And, depending on how you create the chroma phase, also 2 90 degrees
    shifted apart
    It is all low power analog stuff, could easily fit on one board, if
    the graphics is fixed
    (for example a logo) you could clock from an EPROM (via a PLL locked
    clock to H), or else use SRAM and provide some processor on with an
    to update the SRAM.
    The digital crude way would be to digitize, add you graphics, and make
    again, using a high end PC for enough speed to do it in real time.
    Both methods likely require some programming knowledge too.
    What method depends on quality required and power available, knowledge
    of video
    basics.... time, money.... what not.
  6. MooseFET

    MooseFET Guest

    [....Video overlay...]
    You don't want to use a HC4053. They switch very quickly. This makes
    frequencies up into the chroma carrier frequency. You want a softer
    switching so that you stop short of that.

    You want to go up to 4 times the normal frequency. It is still low
    enough that HC counters will work and you can get you phase shifted
    components by using a Johnson counter.

    I've seen boards up to 12 x 18 inches. You are right it is small but
    perhaps you should have used a different way to express it.
  7. Well, this is not the case in _my_ case.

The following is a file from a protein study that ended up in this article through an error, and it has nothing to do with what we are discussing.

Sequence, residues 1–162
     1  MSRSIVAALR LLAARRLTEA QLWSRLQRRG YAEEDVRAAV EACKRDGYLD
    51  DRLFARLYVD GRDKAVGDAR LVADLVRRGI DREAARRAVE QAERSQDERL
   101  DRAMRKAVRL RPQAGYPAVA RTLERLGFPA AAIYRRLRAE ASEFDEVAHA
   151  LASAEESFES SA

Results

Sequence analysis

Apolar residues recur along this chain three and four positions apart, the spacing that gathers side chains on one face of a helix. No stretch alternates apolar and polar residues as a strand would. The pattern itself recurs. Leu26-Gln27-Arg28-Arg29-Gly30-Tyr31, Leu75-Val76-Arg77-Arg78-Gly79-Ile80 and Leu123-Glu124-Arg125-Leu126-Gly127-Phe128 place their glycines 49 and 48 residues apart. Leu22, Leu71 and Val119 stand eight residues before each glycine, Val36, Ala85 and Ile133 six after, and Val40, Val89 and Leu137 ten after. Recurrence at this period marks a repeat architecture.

I used it to add text (and colored text).
    When you use a slow chip, like the old CD4053, there is a _MUCH_ to long
    switching delay, causing visible artefacs eben in BW video.

    I _had_ to use the HC4053.
    Used the circuit to add subtitles to VHS recordings before the digital
    video times.

    Some company in Amsterdam asked me if I could add colored subs that way,
    so I made some experimental setup, it worked.
    But they did not order it...

    As to frequencies in the chroma range, sure, but there is a bit more to adding
    for example text, like lead delay and tail delay (character outline),
    I created those delays with some counters (say shift registers) and fast clock.
    Would have to look it up for the details.
    But if chroma bothered you, then for example you could perhaps decide to swith on zero
    crossing of the inserted chroma.
    You _MUST_ switch within a fraction of chroma period, say well below 10 nS.

    Personally I am glad all that analog is gone, and all is digital now.
    The quality is much better, and procesing is much easier, just programing.

    If the guy just wanted _simple_ BW graphics and text he should use something like
    a SAA5246A, its does 25 lines of 40 characters in genlock on a composite signal
    PAL or NTSC.
    If you wanted to add outline and color you would need more stuff,
    the SAA has an RGB output you could use though.

    In most cases SAA5246A will be sufficient, if you can still get one.
  8. MooseFET

    MooseFET Guest

    The circuit I was involved in used a descrete transistor to do the
    switching. Actually there were two transistors. One shifted
    everything towards the white and the other adding the text.

    IIRC, the delay was one pixel of the inserted text.
    This would not work IMO. If the picture happened to have its chroma
    at its peak at the time you switched, you would still create artifacts
    at the edges.
  9. .....
    Yes there are as many ways to do that as there are semiconductors.